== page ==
Aromantic and Asexual: What do these orientations really mean?

Ever wondered what the A stands for in LGBTQA?

Well, that would be asexuality, potentially one of the most under discussed orientations of them all.

Asexuality is an orientation in which a person does not feel any sexual attraction. 

They experience romantic feelings, but don't have any desire to have sex with their partner.

The difference between celibacy and asexuality is that celibacy is a choice. Like all orientations, asexuality is not a choice. 

Celibates can choose to save themselves for marriage or the right person, but asexuals have an entirely 'nope' feeling when it comes to wanting sexual contact at all.

Some describe it as a complete aversion to sex, while others find sex to be mildly interesting but not something they want for themselves physically. 

The do still however, want romantic relationships with the right person.

Asexual people can also still identify as gay or straight or bi, when they want to establish a relationship with someone of a particular gender. 

Asexuality can sometimes be coupled with being Aromantic, or the two can be completely separate.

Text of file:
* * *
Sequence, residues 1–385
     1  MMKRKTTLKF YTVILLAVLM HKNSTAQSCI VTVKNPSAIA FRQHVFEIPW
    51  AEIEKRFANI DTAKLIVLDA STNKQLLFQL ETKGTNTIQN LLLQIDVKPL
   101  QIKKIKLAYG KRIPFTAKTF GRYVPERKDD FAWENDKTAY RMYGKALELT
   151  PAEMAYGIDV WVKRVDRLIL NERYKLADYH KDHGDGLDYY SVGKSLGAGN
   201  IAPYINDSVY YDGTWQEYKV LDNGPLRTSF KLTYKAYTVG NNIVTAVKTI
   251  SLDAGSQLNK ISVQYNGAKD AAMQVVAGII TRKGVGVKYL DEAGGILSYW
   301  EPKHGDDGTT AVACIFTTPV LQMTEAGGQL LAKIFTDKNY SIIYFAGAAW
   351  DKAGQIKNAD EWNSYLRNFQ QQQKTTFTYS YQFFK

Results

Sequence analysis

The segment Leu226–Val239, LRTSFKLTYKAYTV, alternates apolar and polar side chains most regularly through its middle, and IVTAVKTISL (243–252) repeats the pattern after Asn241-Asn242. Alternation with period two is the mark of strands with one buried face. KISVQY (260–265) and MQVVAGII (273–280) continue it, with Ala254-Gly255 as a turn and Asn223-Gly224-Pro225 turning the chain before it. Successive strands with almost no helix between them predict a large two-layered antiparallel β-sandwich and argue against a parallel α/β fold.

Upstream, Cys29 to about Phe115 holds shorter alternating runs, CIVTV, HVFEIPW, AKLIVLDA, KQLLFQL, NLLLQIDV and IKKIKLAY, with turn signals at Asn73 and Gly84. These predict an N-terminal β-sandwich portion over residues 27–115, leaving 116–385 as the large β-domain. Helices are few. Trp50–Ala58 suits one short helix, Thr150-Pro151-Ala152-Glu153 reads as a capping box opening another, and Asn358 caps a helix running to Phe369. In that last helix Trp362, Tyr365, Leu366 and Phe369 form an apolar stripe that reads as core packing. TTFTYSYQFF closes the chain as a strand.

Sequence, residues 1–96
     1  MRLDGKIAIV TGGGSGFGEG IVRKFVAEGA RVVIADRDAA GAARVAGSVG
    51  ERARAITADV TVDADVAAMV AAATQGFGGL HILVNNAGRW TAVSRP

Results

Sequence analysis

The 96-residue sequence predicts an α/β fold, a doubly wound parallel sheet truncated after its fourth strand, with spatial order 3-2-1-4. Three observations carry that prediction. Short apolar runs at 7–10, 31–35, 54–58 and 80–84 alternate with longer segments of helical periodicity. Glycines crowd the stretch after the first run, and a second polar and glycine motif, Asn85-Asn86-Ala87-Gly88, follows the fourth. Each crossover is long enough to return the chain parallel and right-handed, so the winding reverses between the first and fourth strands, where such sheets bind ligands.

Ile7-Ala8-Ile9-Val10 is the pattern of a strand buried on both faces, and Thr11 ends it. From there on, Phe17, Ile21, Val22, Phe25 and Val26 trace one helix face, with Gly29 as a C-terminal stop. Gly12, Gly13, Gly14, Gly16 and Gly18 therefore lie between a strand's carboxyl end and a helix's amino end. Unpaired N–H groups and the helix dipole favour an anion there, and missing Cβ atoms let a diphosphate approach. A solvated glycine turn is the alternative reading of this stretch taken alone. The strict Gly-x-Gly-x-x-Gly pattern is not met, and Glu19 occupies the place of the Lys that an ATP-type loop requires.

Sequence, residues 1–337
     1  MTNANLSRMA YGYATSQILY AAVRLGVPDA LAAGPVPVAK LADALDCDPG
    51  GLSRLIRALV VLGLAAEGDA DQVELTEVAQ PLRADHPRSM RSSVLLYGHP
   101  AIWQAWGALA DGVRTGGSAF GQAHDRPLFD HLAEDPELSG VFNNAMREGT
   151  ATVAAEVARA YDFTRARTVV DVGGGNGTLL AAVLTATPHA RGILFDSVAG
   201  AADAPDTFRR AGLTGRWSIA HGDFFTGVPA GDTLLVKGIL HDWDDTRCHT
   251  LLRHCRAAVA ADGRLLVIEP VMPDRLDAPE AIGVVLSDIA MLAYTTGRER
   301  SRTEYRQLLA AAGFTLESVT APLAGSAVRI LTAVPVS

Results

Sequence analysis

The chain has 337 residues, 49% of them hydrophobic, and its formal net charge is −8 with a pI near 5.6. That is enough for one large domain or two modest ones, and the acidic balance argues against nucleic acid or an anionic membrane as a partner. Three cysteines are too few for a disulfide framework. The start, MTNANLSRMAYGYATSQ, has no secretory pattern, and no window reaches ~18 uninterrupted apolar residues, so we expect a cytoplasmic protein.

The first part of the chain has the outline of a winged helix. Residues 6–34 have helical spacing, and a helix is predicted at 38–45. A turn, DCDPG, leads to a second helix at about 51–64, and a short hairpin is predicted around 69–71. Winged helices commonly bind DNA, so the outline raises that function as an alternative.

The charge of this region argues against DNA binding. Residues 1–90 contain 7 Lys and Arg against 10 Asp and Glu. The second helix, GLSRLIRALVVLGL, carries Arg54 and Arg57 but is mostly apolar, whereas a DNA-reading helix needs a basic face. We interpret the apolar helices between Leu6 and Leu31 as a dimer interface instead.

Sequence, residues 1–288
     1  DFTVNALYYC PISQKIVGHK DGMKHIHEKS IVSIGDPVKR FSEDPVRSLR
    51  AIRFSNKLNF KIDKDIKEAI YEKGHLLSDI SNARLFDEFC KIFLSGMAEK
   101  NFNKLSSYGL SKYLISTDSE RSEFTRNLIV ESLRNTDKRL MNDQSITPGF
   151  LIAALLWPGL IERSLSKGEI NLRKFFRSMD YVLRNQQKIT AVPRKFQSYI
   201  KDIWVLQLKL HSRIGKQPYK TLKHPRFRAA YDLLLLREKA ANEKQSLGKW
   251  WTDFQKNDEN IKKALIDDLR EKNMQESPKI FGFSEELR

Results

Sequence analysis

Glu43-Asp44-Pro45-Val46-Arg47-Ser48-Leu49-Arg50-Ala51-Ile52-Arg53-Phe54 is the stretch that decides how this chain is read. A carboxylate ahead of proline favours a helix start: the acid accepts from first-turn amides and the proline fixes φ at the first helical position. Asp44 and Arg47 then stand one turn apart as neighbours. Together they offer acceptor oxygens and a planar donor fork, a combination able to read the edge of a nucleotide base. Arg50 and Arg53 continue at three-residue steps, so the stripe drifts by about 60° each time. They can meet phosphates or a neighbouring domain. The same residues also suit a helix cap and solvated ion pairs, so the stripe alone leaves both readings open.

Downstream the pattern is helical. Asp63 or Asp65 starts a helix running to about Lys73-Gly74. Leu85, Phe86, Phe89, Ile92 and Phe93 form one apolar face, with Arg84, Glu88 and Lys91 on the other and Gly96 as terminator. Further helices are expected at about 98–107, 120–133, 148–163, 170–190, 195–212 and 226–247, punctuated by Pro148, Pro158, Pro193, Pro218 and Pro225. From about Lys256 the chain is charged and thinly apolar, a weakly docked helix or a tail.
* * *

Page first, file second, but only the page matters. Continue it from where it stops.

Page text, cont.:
An aromantic is a person who experiences little or no romantic attraction to others at all, but can still have the capacity to have sexual feelings.

Aromantics are known on online forums as Aros, while Asexual individuals are known as Aces.

Both sexualities are completely valid, and are still working to carve out better representation for themselves in the LGBT community. 

Trending
Well hello there!
Help us help you by allowing us and our partners to remember your device in cookies to serve you personalized content and ads.

We're on a mission to help our mums and their families thrive by informing, connecting and entertaining.

Join us in our mission by consenting to the use of cookies and IP address recognition by us and our partners to serve you content (including ads) best suited to your interests, both here and around the web.

We promise never to share any other information that may be deemed personal unless you explicitly tell us it's ok.

If you want more info, see our privacy policy.